PLH GROUP NEWS
Downed Power Line
Date: October 9, 2019
When taking a walk after a major storm, you see a downed power line in a puddle of water. Do you know what to do? You just witnessed a vehicle lose control and hit a utility pole. Do you approach those in the vehicle? Electrical power line hazards could lead to severe injury or death. Thankfully, professionals — like those at PLH Group — perform hazardous work on or near electrical power lines every day and understand the health and safety precautions needed to keep us all safe in situations when power lines fall.
PLH Group is a full-service power line construction, pipeline construction and specialty contractor that serves the electric power line, pipeline, oil field electrical and industrial markets. Nine of its 11 entities — Air2, Auger Services, Edison Power Constructors, Power Line Services, R.B. Hinkle, Sun-Electric, TESSCO Energy, TESSCO Industrial, and TTR Substations work directly with electrical power lines. These workers have not only successfully completed specialized training and earned necessary certifications prior to performing work near and on power lines, but have also displayed a thorough understanding of the health and safety hazards and preventative measures associated with the work. Therefore, take advice from PLH Group professionals on how to stay safe around downed power lines.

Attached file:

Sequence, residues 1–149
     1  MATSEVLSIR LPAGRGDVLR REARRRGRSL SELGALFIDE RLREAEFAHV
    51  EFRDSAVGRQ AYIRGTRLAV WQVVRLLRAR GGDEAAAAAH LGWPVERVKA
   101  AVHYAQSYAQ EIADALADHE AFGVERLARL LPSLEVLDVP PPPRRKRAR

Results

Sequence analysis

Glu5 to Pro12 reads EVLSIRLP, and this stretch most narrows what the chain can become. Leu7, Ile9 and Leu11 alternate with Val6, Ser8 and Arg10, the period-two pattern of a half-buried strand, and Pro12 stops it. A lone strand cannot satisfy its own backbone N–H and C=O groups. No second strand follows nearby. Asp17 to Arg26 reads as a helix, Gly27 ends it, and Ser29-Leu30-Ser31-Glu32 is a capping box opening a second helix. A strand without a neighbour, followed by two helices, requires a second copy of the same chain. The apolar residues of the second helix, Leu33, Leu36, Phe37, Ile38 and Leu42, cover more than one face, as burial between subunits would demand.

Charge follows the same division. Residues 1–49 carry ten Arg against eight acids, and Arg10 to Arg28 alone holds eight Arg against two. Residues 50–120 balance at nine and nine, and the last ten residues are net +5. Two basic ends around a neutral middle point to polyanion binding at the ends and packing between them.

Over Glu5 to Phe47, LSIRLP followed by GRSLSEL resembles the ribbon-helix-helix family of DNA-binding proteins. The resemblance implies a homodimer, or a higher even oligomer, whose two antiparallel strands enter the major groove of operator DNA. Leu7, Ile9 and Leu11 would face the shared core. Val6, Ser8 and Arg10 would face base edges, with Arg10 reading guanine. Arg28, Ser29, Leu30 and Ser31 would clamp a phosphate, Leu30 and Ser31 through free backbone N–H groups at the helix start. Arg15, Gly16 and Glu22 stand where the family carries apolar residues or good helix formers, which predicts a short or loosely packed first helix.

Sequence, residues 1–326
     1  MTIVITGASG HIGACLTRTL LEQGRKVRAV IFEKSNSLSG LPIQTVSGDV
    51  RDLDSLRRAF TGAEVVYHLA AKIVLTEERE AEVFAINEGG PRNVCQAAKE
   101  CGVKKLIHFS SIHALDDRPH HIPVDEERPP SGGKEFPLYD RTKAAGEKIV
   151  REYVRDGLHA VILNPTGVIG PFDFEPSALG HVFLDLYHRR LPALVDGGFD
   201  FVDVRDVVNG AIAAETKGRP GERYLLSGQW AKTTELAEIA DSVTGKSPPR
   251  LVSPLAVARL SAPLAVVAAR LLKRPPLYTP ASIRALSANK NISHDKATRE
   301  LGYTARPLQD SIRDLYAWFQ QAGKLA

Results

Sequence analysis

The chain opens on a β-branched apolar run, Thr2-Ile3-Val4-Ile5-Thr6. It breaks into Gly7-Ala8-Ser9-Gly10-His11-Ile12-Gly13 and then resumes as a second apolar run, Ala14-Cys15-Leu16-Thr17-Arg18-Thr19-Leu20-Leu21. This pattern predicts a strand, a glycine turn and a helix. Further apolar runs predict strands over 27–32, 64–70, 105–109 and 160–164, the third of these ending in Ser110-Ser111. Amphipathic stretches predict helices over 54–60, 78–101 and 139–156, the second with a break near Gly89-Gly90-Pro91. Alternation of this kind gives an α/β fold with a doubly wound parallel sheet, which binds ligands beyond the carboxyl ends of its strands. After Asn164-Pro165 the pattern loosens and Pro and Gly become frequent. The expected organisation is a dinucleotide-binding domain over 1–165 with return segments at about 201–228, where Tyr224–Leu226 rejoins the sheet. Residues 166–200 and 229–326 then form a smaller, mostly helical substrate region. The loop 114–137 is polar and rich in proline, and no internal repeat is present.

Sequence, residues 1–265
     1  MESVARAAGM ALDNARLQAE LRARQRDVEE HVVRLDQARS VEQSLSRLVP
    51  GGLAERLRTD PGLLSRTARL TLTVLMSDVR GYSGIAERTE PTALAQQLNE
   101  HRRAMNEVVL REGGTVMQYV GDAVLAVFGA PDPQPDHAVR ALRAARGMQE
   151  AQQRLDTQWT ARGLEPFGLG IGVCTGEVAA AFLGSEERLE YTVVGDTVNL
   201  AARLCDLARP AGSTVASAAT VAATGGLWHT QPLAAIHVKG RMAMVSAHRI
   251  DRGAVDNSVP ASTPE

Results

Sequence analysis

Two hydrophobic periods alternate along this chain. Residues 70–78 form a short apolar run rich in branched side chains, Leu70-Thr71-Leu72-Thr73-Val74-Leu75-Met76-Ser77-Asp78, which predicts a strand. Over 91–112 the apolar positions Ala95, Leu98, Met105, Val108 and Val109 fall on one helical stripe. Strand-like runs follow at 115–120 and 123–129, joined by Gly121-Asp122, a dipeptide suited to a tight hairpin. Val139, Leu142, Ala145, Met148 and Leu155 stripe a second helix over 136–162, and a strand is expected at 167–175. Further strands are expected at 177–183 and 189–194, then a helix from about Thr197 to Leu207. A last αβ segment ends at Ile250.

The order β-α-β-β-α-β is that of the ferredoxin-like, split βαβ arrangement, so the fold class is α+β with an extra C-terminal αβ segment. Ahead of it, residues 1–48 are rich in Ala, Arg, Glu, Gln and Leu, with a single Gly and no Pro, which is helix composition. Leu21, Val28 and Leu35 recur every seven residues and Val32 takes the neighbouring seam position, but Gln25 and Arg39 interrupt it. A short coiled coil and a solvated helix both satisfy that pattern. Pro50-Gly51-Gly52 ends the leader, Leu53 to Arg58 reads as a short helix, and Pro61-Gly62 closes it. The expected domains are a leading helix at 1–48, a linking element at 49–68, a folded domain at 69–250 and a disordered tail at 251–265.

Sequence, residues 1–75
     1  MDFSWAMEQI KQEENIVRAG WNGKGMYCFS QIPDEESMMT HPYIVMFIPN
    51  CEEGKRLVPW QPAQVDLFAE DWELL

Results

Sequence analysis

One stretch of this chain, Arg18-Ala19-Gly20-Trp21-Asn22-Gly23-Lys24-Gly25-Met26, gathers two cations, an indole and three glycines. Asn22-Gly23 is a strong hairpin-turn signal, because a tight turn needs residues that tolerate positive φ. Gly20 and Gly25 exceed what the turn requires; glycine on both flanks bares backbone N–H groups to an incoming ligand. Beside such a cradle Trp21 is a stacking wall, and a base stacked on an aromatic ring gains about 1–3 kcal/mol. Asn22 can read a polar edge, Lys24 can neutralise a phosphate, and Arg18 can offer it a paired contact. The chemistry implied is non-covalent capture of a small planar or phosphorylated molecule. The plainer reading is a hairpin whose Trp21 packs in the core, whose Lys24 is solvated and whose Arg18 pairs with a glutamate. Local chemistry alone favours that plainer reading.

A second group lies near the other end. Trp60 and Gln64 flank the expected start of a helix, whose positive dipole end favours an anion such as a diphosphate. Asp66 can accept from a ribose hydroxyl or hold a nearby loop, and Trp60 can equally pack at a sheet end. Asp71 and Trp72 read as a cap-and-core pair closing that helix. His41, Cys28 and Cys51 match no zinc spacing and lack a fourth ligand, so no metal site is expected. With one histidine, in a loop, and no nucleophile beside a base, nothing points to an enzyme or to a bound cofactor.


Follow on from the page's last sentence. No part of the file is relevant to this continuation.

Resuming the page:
Electrical Safety Foundation International (ESFI) recommends these critical steps if you see a downed power line:
IF YOU SEE A DOWNED LINE OUTSIDE
- Assume the line is live. A 35-foot radius surrounding the line could be energized. Therefore, stay away from the downed line. Do not try to touch it with your hand, stick, or other object.
- Call 9-1-1. Alert professionals of the downed line and ensure no one approaches the area until help arrives.
IF A DOWNED LINE FALLS ON YOUR VEHICLE, AND THERE IS NO SIGN OF SMOKE OR FIRE…
- If your vehicle comes in contact with a power line or utility pole, remain in your vehicle as long as you do not see smoke or fire.
- Ensure others keep a 35-foot distance from the incident.
- Call 9-1-1. Wait in the vehicle until professional help arrives. Trained first responders will instruct you on how to safely exit the vehicle.
IF A DOWNED LINE FALLS ON YOUR VEHICLE AND YOU SEE SMOKE OR FIRE…
- Avoid touch potential. In this scenario, touch potential is the flow of energy from the vehicle through you as you exit the vehicle. To minimize the risk of touch potential, jump both feet from the vehicle at the same time. Avoid having any contact with the vehicle while having contact with the ground.
- Avoid step potential. Step potential is the flow of energy up one foot and down the other as you walk away from the scene. To avoid this, do not lift your feet from the ground. Instead, shuffle your feet until you are a safe distance away.
- Call 9-1-1. Call or have someone else call for emergency assistance.
ADDITIONAL SAFETY CONSIDERATIONS…
- Never drive over downed power lines. Assuming the lines are live, this could insert you into a hazardous situation.
- If you see someone who has come in contact with a downed power line or within a 35-foot radius of the line, do not touch the person. Instead, call 9-1-1, and wait at a safe distance until emergency response arrives.
- Because water can conduct electricity, do not touch water near a downed line. This is especially important to remember after major storms.
This video illustrates how these principles help mitigate a potentially life-threatening situation. Share these tips with your family and coworkers, reminding them of the importance of awareness and understanding when in a situation with a downed power line.